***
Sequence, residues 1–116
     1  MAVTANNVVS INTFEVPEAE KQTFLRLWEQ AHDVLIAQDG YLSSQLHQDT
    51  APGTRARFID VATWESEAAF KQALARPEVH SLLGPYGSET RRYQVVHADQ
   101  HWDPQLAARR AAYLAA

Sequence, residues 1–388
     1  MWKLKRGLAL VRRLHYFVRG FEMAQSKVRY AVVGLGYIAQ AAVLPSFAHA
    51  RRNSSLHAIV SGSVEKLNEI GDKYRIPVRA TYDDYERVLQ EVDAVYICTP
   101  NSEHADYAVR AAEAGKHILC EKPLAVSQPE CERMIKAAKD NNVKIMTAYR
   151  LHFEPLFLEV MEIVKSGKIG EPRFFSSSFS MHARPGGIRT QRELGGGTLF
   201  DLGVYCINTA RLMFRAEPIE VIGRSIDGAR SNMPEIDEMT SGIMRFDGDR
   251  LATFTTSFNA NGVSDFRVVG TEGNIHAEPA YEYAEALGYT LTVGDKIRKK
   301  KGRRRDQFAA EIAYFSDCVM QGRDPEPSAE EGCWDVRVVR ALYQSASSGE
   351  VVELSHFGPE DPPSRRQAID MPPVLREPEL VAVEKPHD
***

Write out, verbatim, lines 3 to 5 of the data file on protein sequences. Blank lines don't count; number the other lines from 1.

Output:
    51  APGTRARFID VATWESEAAF KQALARPEVH SLLGPYGSET RRYQVVHADQ
   101  HWDPQLAARR AAYLAA

Sequence, residues 1–388